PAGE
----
September 18, by Nathaly Pesantez
As a Long Island City strip club that was a magnet for crime announced this weekend that it was closing, community leaders are saying that similar clubs in Western Queens may end up seeing similar fates, too.
Aces, the gentlemen’s club located at 32-10 37th Ave., announced last week that it was shutting down via a post on Instagram. “The Aces family would like to thank everyone…for one hell of a run,” the club’s post reads. “There will never be another Aces New York.” Later posts also signal that the club would be reluctantly shutting its doors.
Several violent incidents took place at the club over the years–from shootings to assaults–and the police were often called to the troubled venue. A May 2016 incident saw a gang-related shooting outside of the club; that same year, more than 250 “911” calls were made that were associated with the club.
State Sen. Mike Gianaris (D-Astoria), who had long called for the club to close and was outraged when the State Liquor Authority (SLA) reinstated Aces’ liquor license earlier this year, celebrated the strip joint’s closing after the SLA ultimately canceled its liquor license on Sept. 12.
“It is a success for our neighborhood to get this source of community unrest shut down, but we must remain vigilant,” Gianaris said in a statement.
The owner of Aces could not to be reached for comment.
But Aces’ closing, coupled with the site of the former troubled Club Purlieu in Astoria turning into a retail locale after its closure last year, could signal the demise of other problematic strip joints in Western Queens.
Antonio Meloni, head of the Public Safety for Community Board 1, said that the SLA is finally listening and taking note of the public’s opposition to these clubs.
“When it’s a troublesome location, it’s very good that the SLA is paying attention,” he said. “We have found that the SLA is more responsive.”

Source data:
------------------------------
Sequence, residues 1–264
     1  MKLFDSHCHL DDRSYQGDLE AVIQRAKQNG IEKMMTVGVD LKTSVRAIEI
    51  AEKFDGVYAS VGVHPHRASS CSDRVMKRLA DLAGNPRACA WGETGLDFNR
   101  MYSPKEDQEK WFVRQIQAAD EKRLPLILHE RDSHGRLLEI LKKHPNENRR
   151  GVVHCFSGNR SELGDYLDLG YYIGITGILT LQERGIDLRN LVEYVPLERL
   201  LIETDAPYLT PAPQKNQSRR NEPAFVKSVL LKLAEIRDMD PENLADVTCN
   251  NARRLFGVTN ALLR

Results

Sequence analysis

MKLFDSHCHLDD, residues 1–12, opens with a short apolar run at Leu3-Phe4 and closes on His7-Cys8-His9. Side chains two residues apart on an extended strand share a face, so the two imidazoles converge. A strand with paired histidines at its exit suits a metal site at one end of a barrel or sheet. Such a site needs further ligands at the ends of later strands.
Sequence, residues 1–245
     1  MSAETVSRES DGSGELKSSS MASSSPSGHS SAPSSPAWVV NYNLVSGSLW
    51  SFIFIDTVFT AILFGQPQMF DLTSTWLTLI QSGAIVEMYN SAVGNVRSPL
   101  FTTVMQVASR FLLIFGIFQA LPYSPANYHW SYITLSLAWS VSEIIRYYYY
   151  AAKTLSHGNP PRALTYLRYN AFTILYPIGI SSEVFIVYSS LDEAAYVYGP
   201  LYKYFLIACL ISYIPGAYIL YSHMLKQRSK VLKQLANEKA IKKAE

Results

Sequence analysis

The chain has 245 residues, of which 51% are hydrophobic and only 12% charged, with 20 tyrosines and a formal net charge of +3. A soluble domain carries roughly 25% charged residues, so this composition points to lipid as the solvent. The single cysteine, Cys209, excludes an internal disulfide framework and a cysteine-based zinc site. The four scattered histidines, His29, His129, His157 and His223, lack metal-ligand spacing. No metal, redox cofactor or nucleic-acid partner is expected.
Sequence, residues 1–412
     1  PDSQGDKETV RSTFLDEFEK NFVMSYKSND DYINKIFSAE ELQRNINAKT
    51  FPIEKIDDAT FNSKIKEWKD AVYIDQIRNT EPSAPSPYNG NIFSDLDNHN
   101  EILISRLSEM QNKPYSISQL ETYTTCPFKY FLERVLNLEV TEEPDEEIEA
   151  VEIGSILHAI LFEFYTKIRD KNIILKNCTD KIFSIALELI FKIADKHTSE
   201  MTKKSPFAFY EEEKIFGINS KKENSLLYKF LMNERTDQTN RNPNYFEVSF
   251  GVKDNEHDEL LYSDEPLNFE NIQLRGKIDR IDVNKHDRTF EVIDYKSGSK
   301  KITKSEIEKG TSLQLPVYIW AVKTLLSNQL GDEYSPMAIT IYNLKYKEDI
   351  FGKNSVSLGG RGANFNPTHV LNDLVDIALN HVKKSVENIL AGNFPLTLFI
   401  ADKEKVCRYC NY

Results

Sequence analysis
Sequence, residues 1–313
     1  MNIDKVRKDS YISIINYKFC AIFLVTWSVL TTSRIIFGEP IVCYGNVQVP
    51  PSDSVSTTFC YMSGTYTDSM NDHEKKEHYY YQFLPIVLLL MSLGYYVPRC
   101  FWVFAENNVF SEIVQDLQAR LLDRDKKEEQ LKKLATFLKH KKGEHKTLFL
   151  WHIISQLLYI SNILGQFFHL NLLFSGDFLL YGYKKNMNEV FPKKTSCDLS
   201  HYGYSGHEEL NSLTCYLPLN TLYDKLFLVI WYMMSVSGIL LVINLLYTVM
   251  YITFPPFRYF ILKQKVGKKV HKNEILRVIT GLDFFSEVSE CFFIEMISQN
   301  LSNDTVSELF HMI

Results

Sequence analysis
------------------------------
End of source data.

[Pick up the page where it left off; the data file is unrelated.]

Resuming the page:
At nearby Community Board 2 where strip clubs have also been an ongoing issue, Patrick O’Brien, the chairperson for the Public Safety committee, says Aces’ closing is “a very good sign”, and hopes that the recent events mean a crackdown on similar problem sites.
“I don’t think any community wants these kinds of establishments in their midst,” O’Brien said, adding that gentlemen’s clubs, while allowed to operate as long as they’re within the law, almost always bring problems to a neighborhood. O’Brien referred to Show Palace, the strip club on 21st Street in Long Island City, that has operated without a liquor license since its opening, but still sees periodic incidents.
“When you have a residential and vibrant upcoming commercial community, it’s only a matter of letting out enough rope [for strip clubs] to hang themselves because this activity almost universally seems to follow.”
“When they overstep the boundaries of what is safe and appropriate, they are writing their own epitaphs,” he added.
Nevertheless, O’Brien does not think strip clubs will ever be eliminated from the district despite the apparent clampdown.
“You can compel them to be in line, and this is a sign of exactly that—if you don’t operate in an appropriate manner, you’re going to lose your business.”